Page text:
Georgetown Coach Craig Esherick tried to head off a mental meltdown by his players. He knew how frightfully possible that was with the Hoyas having started a Big East Conference season with two losses to teams they had good chances of beating. So he did his best to be positive after they blew a five-point lead in the final 94 seconds of overtime yesterday in MCI Center and lost, 65-62, to Seton Hall.

"This is not a league for babies, either for coaches or for players," Esherick said. "We all have to be tough enough to know that the season is not over. I'm certainly not ready to fold the tent. The season's not halfway over, and we're 8-5. I can remember many a season, as a player and as a coach, where at times you feel [terrible]. . . .

"We've got plenty of basketball to play. I think we have a good team--and I think we will get better."

The loss yesterday felt similar to so many last season--and came on the one-year anniversary of Esherick replacing John Thompson as coach. As they did on the road against Providence three days earlier, the Hoyas crawled out of a first-half hole, during which they missed 80 percent of their shots, and took the lead.

Georgetown led by four points with 3 minutes 24 seconds left in regulation, but surrendered a layup to frontcourt reserve Gary Saunders with 58 seconds remaining that ultimately sent the game into overtime. Point guard Kevin Braswell had three shots on Georgetown's last possession of regulation, including a tough layup and three-pointer, but missed them all.

Overtime was even worse for the Hoyas. With Seton Hall's 6-foot-11 freshman center Samuel Dalembert having fouled out, Georgetown took a 61-56 lead on some terrific play from freshmen forwards Courtland Freeman (10 points in 15 minutes) and Victor Samnick (18 points, 15 rebounds). Samnick was on the foul line in a bonus situation with 94 seconds left, but missed.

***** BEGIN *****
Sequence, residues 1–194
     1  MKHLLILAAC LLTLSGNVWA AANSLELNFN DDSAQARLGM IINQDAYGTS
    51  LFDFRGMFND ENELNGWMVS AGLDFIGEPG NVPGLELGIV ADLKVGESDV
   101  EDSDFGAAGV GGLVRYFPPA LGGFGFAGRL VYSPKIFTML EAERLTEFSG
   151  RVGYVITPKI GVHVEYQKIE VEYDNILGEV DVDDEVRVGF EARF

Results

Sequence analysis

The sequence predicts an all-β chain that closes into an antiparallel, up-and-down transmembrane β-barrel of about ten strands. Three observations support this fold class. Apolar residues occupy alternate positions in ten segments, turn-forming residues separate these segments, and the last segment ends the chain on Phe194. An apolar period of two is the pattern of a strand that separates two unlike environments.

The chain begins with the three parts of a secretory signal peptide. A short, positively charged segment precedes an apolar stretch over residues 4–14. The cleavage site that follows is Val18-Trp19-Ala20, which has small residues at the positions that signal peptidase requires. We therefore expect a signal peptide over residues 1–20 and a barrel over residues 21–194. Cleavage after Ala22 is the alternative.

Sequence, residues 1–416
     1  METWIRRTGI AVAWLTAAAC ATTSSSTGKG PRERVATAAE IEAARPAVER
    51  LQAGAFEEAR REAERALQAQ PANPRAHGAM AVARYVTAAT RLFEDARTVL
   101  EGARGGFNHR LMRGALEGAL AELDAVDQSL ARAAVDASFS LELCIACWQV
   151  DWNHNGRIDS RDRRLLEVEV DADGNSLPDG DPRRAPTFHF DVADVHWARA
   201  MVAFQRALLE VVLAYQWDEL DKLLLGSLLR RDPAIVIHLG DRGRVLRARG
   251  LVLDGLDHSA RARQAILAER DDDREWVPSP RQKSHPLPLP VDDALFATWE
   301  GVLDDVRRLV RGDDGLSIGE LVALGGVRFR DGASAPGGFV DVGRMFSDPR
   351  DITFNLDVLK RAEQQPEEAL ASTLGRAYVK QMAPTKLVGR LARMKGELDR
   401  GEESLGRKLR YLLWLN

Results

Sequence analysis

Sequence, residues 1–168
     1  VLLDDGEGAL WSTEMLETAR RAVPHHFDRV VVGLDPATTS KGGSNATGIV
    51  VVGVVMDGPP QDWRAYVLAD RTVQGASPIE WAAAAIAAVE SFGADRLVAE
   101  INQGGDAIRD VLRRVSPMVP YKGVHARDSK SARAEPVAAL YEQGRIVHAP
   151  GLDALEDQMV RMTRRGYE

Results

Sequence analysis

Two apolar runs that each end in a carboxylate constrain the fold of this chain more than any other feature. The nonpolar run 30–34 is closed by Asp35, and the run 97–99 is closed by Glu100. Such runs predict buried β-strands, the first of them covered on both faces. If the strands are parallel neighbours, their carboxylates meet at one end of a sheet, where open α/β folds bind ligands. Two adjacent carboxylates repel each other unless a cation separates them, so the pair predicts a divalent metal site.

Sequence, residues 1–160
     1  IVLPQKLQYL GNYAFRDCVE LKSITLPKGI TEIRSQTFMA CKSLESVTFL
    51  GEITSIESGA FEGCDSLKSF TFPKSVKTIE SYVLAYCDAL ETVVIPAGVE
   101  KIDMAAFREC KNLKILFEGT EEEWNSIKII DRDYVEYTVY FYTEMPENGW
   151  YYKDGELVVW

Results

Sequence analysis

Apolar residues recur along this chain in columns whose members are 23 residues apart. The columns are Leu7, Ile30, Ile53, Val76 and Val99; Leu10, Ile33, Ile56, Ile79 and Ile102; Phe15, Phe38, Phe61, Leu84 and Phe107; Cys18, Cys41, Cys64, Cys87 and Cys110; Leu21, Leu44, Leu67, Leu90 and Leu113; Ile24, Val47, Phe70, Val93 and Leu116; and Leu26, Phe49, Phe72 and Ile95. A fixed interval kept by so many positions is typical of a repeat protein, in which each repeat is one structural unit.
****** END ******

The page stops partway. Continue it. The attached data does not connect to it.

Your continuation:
That started a 48-second surge that included some spotty defense by Georgetown and the fifth foul on center Ruben Boumtje Boumtje and allowed the Pirates (10-2, 2-0) to gain the lead for good, 63-62.

The foul came after guard Shaheen Holloway sped past freshman backup guard Demetrius Hunter, hit a driving layup and collided with Boumtje Boumtje with 77 seconds left. Esherick argued unsuccessfully for a no-call and insisted that the rules regarding "verticality" supported him.

Holloway's foul shot narrowed Georgetown's advantage to 62-61. Senior backup forward Rhese Gibson then missed an open 15-footer from the left wing and Seton Hall proceeded to embarrass Georgetown's defense.

With Dalembert, who tied a school record for blocks with nine, out, the Pirates went with four perimeter players.

"We had a hard time distinguishing that," Esherick said.

Senior shooting guard Rimas Kaukenas beat Anthony Perry on the right baseline, then threw a pass to a wide-open Darius Lane for a layup with 46 seconds left that lifted the Pirates into a one-point lead they maintained.

On their last decent possession, the Hoyas appeared uncertain and called a timeout with 27 seconds left. Later, Perry (1-for-10 shooting) drove the lane but missed a contested leaner. Hunter grabbed the rebound, but his shot was too high from inside 10 feet. Saunders controlled the rebound, was fouled with eight seconds and made both foul shots.

Closely guarded by Holloway, Braswell missed a 20-footer from the right wing with two seconds left.

Seton Hall Coach Tommy Amaker was elated that a team with two freshman starters, Dalembert and forward Greg Morton (10 points, 11 rebounds in 41 minutes), helped claim a road win against the Hoyas for the first time in 13 years. The last time the Pirates played at MCI Center, slightly more than a month ago, they lost back-to-back games to George Washington and Illinois. They have not been beaten since.

"My mother is big on sayings," said Amaker, a native of Falls Church, "and she told me after those losses: 'A setback is a setup for a comeback.' I told our players this was our full circle of a comeback."

With a conference road game against St. John's on Monday, Esherick delivered his we-can't-fold message to the players before delivering it in public.

"There's still a long way to go," Boumtje Boumtje said. "Hopefully, we can get this turned around."